If TH17 cells and RORγt+ Tregs are induced through similar pathways, how then is the development to TH17 cells or RORγt+ Tregs regulated? In cell cultures, the vitamin A metabolite retinoic acid (RA) promotes the generation of Tregs (29) and of RORγt+ Tregs (15) rather than of TH17 cells. We now find that feeding mice with vitamin A–deficient food, or treating mice with an inhibitor of the RA receptor (RARi), prevented the development of RORγt+ Tregs but not of Helios+ Tregs or TH17 cells (Fig. 2C and fig. S8). RA also promotes the expansion of ILC3s over ILC2s (30) and the maturation of fetal ILC3s through RAR-mediated regulation of the Rorc locus encoding RORγt (31). Thus, vitamin A metabolism promotes the development of RORγt+ cells and type 3 immunity, yet favors the development of RORγt+ Tregs over TH17 cells, presumably to limit the number of proinflammatory cells present in the healthy intestine.

We next assessed whether RORγt+ Tregs regulate type 2 responses. Mice that lack only RORγt+ Tregs were generated through a conditional knock-out of Rorc in Foxp3+ cells. Such Foxp3Cre x Rorct)FL mice developed increased frequencies of Gata3+ T cells and Gata3+ Tregs (Fig. 3A), and, as a consequence, T cells produced higher amounts of the type 2 cytokines IL-4 and IL-5 (fig. S9A). These mice developed a more severe and lethal form of oxazolone-induced colitis, a model of ulcerative colitis dependent on the type 2 cytokines IL-4 (32) and IL-13 (33), as compared with their wild-type littermates (Fig. 3B). In contrast, they were more resistant to infection by the helminth Heligmosomoides polygyrus, because they produced higher levels of IL-4, IL-5, and IL-13 during the infection (Fig. 3C). TH17 cells contributed to the control of type 2 responses, because a more pronounced increase in TH2 cells was observed in full RORγt-deficient mice (fig. S9B). Furthermore, RORγt-deficient mice expressed high levels of immunoglobulin E (IgE) (fig. S9C), a hallmark of type 2 immunity, at levels sometimes similar to those found in germfree mice (3). In contrast, Foxp3Cre x Rorct)FL mice did not develop increased TH17 or TH1 responses, even during acute intestinal inflammation induced by sodium dextran sulfate (fig. S10). These data are in agreement with the spontaneous type 2 pathologies observed in mice lacking extrathymically generated Tregs (12) and indicate that microbiota regulate type 2 responses through RORγt+ Tregs and more generally RORγt+ T cells.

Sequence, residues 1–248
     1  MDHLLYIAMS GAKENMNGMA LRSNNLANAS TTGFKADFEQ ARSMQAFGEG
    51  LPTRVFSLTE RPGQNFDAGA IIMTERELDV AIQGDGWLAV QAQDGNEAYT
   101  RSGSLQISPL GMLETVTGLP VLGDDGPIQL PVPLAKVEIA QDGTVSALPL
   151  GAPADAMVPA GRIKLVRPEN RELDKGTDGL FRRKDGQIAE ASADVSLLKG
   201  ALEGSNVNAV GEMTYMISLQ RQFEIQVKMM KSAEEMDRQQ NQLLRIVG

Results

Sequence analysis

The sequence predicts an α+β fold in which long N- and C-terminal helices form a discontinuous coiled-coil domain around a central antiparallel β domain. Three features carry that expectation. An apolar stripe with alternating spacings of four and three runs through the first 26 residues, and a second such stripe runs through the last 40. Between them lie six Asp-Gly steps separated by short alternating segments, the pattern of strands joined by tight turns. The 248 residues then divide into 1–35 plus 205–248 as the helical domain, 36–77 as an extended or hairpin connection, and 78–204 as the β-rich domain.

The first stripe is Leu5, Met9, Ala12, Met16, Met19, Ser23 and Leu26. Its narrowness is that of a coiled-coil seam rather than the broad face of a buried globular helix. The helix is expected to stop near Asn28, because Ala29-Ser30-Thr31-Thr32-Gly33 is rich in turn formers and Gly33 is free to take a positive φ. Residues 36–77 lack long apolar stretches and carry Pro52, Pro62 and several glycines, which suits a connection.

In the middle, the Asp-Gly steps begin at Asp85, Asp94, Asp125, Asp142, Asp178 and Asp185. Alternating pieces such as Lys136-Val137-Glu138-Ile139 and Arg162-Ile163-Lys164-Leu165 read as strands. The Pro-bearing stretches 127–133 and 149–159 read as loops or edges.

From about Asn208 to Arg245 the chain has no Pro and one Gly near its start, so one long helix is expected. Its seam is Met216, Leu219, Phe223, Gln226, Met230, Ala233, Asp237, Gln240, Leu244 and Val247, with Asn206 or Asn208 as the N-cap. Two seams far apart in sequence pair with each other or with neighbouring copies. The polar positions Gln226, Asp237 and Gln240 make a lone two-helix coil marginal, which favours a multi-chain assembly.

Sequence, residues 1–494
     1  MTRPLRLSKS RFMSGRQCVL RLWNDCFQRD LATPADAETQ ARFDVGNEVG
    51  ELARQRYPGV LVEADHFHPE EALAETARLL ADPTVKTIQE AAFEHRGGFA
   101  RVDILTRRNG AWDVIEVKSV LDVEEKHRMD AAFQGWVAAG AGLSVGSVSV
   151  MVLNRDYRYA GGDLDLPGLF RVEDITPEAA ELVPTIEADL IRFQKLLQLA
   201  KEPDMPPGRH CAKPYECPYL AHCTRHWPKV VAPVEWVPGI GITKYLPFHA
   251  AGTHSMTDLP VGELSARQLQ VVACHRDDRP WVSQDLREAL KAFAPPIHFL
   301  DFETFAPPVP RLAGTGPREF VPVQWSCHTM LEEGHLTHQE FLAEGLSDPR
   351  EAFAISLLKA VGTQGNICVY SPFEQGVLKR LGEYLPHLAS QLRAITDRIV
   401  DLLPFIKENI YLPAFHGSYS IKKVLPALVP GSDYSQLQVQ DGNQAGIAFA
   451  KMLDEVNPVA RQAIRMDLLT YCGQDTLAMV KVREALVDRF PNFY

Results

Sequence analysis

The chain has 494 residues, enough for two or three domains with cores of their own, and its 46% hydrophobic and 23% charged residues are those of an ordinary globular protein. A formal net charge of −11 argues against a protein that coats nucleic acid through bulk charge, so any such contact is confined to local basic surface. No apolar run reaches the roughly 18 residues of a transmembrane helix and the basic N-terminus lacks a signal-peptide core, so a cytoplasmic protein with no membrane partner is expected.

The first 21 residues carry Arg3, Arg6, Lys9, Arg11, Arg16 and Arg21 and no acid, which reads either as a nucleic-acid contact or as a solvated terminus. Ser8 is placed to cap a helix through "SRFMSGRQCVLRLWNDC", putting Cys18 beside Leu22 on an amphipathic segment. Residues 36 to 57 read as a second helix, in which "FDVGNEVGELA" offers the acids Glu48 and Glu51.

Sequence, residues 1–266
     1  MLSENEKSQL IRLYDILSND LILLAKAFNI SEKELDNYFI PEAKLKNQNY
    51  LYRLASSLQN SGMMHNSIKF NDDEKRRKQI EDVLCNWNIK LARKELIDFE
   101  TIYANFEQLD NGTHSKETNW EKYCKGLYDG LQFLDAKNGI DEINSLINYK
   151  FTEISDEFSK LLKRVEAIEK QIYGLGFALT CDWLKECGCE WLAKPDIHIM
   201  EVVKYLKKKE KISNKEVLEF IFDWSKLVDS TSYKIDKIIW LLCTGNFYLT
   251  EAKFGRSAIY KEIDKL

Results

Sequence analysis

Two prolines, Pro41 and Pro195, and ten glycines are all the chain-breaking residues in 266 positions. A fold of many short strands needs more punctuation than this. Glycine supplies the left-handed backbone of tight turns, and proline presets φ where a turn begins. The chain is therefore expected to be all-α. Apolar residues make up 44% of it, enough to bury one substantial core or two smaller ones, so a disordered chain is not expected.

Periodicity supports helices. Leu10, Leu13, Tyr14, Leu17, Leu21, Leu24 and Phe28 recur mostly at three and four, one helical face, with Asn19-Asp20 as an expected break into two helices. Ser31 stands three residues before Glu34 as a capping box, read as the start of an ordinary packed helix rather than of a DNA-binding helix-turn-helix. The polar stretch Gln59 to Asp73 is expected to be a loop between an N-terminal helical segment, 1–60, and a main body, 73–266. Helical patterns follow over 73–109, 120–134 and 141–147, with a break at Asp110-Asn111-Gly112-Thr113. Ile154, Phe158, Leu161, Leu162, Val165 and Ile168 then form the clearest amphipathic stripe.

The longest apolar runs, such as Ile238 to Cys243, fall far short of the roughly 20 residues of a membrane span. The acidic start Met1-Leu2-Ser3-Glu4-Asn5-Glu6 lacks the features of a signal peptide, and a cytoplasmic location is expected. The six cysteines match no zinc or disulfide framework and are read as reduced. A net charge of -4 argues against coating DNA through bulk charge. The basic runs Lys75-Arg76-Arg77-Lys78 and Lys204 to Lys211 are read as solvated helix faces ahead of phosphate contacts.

Fig. 3 RORγt+ Tregs regulate type 2 immune responses.

(A) Expression of Foxp3 and Gata3 by small intestine CD4+ T cells (left), and frequency of Gata3+ Tregs (middle) and Gata3+ non-Tregs CD4+ T cells (right) in Foxp3Cre x Rorc(γt)FL/KO mice; n = 7 mice per group. (B) Survival curve (left) of littermate control mice (straight line) or Foxp3Cre x Rorc(γt)FL/FL mice (hatched line) treated with oxazolone; n = 7 mice per group. Periodic acid-Schiff staining of colons from the corresponding mice and ratio of mice with ulcers (middle) and length of colons 3 days after oxazolone challenge (right). (C) Egg burden 14, 24, and 31 days after infection with H. polygyrus and production of type 2 cytokines by T cells isolated from mesenteric lymph nodes 21 days after infection in control mice (filled symbols) or Foxp3Cre x Rorc(γt)FL/FL mice (open symbols); n ≥ 5 mice per group. Data are representative of at least two independent experiments. Error bars, ± 1 SD; ns, not significant; *P < 0.05; **P < 0.01; ****P < 0.0001, as calculated by Student’s t test or Mann-Whitney test.

What are the mechanisms by which RORγt+ Tregs regulate type 2 immunity? We find that both cell-intrinsic and cell-extrinsic mechanisms of regulation are involved. Naïve OT-II+ CD4+ T cells developed into RORγt+ Tregs when transferred into mice fed ovalbumin (Fig. 1F), whereas a majority of them developed into Gata3+ Tregs when cells deficient in RORγt were transferred (Fig. 4A and fig. S11A). However, host Tregs were not affected, showing that a loss in RORγt affects Tregs only through a cell-intrinsic pathway. In contrast, the transfer of RORγt-deficient OT-II+ cells affected the generation of both donor and host TH2 cells, but not TH17 cells, showing that RORγt+ Tregs regulate TH2 cells also through a cell-extrinsic pathway. Furthermore, in RORγt+ Tregs that lacked Stat3, the expression of Gata3 was deregulated, and thus both transcription factors were coexpressed (Fig. 4B). This is in accordance with earlier data showing that IL-23 blocks the IL-33–mediated accumulation of Gata3+ Tregs (20), and, conversely, that the absence of Gata3 leads to the expansion of RORγt+ Tregs (19, 34). This cross-inhibition may act directly, as Foxp3 binds to Gata3, Stat3 (35), and RORγt (15, 36), and Gata3 binds to the Rorc promoter (19). In contrast, the expression levels of Gata3 remained unchanged in Stat3-deficient TH17 cells (fig. S11B).

Fig. 4 Mechanisms of regulation by RORγt+ Tregs.